In old 3D games, such as Wolfenstein 3D, Doom and Duke Nukem 3D, the objects were 2D pictures. No matter from which angle you looked at them, they always looked the same. The soldiers in Wolfenstein had 8 pictures, so you could see them from 8 different angles, but that still isn't 3D. What does this have to do with lighting? You can use the lights to create the effect of sprites in Unreal. You can also do this with other object, but lights are one of the few that don't have a mesh, so they are easier to use for this purpose. How? Make a light and set its LightBrightness or LightRadius to 0 (you don't have to do that, if you want the object to give light). Open its LightProperties, and expand Advanced. In there, set bHidden to False. This means that the torch symbol will now also be visible in Unreal Tournament, and not in the editor only. The only thing you've got to do now is to change the torch picture in another picture. Open the texturebrowser and select anything you like. If you import a picture, make sure that you set it to be masked if you don't want a black square around it. Masked will make the first color in the palette to become transparent, in most cases this is the black. Go back to the Light Properties and expand Display. Play with the following settings:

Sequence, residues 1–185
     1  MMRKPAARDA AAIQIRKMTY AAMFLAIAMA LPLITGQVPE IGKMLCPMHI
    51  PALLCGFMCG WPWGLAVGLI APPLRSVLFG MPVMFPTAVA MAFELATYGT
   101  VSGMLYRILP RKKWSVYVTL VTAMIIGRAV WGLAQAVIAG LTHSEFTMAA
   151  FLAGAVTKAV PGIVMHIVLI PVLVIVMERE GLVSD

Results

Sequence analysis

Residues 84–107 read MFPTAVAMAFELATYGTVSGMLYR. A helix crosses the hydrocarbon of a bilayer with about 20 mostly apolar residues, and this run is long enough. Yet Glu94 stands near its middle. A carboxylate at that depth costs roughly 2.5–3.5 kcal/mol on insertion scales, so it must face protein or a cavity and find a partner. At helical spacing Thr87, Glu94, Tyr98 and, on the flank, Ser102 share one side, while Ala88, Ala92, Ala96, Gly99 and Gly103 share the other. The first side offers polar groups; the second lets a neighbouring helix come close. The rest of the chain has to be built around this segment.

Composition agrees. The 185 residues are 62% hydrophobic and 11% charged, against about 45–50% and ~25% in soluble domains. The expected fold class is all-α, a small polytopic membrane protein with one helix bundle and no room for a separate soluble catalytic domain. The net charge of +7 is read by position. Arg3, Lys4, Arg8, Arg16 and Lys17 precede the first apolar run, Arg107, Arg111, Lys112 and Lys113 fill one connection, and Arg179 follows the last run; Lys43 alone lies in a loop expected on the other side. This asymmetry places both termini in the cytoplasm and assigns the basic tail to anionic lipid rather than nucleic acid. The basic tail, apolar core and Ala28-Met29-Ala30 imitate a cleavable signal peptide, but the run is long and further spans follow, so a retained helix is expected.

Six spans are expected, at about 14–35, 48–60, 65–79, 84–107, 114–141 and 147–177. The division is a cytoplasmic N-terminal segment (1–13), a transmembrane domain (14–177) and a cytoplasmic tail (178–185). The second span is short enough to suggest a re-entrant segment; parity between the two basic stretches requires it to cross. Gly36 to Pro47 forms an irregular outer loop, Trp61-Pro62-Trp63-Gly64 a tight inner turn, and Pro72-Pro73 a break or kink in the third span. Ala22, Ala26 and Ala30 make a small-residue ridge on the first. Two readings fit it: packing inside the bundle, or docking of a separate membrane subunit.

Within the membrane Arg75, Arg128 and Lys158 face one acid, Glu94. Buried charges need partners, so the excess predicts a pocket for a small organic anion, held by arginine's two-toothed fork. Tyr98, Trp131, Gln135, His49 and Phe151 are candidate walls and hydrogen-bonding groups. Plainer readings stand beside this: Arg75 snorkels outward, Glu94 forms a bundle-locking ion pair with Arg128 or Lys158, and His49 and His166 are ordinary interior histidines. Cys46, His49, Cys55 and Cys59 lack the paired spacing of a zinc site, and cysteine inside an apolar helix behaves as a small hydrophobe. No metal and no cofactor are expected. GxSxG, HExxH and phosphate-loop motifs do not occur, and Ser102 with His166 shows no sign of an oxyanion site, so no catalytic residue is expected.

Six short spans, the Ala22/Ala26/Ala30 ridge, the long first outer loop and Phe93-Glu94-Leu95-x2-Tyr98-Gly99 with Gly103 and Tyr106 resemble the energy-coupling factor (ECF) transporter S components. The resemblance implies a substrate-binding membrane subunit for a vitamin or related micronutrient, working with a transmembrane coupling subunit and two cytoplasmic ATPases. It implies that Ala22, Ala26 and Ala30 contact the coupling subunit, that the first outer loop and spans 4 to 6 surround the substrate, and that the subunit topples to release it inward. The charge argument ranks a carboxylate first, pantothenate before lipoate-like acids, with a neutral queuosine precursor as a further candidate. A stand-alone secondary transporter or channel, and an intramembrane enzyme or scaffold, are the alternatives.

The Collision tab
You can of course also use this 2D-objects effect for other things, for example if you use the texture of an eyeball, the eye will always look in your direction.
Some 2D Wolfenstein Sprites
Fog isn't called fog in the Unreal Engine, but Volumetric Lighting. Creating fog is quite difficult, and it also slows down the computer. Fog in Unreal isn't like fog in for example Delta Force II, and making a foggy outdoor map is almost impossible. Most Unreal Tournament players don't even have the Volumetric Lighting propertie set to True, so they won't be able to see the fog. Probably even you don't have it enabled. To enable it, or to check if it is enabled, you must open the Advanced Options Window. This window is somewhat hidden, but there are several ways to open it: